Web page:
People–scientists yes, but also anthropologists, environmental historians, activists, and others–have debated for some time whether we are living in the “Anthropocene,” a new era of geological time defined by what humans are doing to the globe. This week–with temperatures in the water off Florida surpassing 90 degrees, mass flooding in Vermont, and record heat in the Southwest–makes it pretty clear that even without hard scientific evidence, this is basically true. But we also now have hard scientific evidence based on studies in the sediments of a Canadian lake.
A group of scientists said Tuesday the best evidence for humanity’s overwhelming impact on the planet could be found at Crawford Lake in Milton, Ontario. The lake’s finely layered sediments contain a thousand-year record of environmental history, culminating in an explosion of man-made disruption around the middle of the 20th century. That’s when scientists say human activities — from nuclear weapons tests and fossil fuel combustion to deforestation and global trade — began to leave an indelible imprint on Earth’s geologic record.
The announcement marks a crucial step in a years-long effort to determine whether people have altered the planet enough to launch a new epoch in geologic time. Since 2009, an obscure scientific body called the Anthropocene Working Group has accumulated evidence that Earth’s chemistry and climate are fundamentally different from the conditions of the last several thousand years. The final requirement was to identify a “golden-spike” — a spot in the geologic record that perfectly preserved the dangerous transformation humans have wrought.
Crawford Lake shows that “all the different components of the Earth system and the way they interact with one another are fundamentally different than they used to be,” said Francine McCarthy, a professor of Earth sciences at Brock University in Ontario who led the working group’s research on the lake. “We felt it was the best place to illustrate this existential issue.”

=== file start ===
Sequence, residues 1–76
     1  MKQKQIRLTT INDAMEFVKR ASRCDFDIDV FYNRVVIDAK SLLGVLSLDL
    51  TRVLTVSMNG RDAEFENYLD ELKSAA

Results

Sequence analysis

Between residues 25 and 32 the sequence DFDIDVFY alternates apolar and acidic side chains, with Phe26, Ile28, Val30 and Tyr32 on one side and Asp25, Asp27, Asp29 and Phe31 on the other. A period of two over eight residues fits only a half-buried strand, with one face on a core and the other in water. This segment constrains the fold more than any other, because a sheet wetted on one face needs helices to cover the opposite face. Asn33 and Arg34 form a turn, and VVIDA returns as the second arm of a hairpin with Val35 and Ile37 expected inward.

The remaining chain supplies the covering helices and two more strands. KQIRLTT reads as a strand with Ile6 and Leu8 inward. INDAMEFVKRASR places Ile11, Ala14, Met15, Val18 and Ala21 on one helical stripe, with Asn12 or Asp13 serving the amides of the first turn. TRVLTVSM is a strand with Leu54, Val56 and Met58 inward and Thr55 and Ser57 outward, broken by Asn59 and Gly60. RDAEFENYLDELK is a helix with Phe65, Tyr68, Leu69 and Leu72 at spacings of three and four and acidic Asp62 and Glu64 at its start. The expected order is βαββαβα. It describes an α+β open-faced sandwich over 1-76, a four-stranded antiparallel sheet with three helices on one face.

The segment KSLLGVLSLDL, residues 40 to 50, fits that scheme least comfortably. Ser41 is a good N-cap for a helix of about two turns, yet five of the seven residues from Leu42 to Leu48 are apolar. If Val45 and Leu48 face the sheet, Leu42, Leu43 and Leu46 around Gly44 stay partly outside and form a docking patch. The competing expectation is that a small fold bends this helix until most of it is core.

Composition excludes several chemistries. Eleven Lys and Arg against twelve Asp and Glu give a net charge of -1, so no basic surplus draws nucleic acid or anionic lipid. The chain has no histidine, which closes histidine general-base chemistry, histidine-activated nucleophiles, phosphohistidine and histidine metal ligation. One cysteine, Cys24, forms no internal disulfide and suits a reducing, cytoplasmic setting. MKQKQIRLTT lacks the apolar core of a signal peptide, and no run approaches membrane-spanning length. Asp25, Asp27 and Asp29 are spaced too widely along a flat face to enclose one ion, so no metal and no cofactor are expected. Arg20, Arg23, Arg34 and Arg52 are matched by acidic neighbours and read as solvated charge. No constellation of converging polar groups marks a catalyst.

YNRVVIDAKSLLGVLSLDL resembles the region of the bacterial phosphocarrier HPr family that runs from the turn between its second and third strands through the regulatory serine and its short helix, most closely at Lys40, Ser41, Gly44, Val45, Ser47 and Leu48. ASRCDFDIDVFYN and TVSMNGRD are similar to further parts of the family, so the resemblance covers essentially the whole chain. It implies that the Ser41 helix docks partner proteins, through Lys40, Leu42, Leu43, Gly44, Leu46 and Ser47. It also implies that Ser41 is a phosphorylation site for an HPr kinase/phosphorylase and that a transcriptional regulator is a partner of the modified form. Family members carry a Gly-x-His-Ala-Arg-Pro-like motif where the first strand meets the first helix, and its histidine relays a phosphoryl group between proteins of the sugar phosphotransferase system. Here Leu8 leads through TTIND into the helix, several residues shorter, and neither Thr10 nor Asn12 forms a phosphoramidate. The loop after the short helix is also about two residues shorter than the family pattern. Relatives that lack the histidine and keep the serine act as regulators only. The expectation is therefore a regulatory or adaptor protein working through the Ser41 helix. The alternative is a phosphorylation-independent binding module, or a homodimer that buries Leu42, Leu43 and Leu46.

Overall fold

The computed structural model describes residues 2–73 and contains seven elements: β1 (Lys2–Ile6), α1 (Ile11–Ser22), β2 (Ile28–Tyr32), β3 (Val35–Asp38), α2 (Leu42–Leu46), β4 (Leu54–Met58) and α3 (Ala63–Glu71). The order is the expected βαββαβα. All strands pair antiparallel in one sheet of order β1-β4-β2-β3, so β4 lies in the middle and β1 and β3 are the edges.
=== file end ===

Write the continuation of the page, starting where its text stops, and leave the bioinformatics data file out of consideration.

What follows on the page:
Speaking from the International Congress on Stratigraphy — a semiregular meeting of researchers who study the phases of Earth’s past — working group members recommended that the Anthropocene be established as a new epoch beginning in 1950, with Crawford Lake as its golden spike.
Wouldn’t have expected 1950 per se, but we can debate that.
I really question how long this planet will be livable for humans in anything like their current civilization. Like, will it last my lifetime? I am increasingly skeptical. As for those of you who know about all this but just have the faith to bring children into this, well, you have a lot more optimism about the future than I do. We could cut carbon emissions to 0 TODAY and this crisis will still get worse every year for the next century or so. We aren’t going to do that either.
Of course, that doesn’t even get us to the mass extinction event going on.
Humans, a species smart enough to change the world, but not smart enough to manage how to change the world.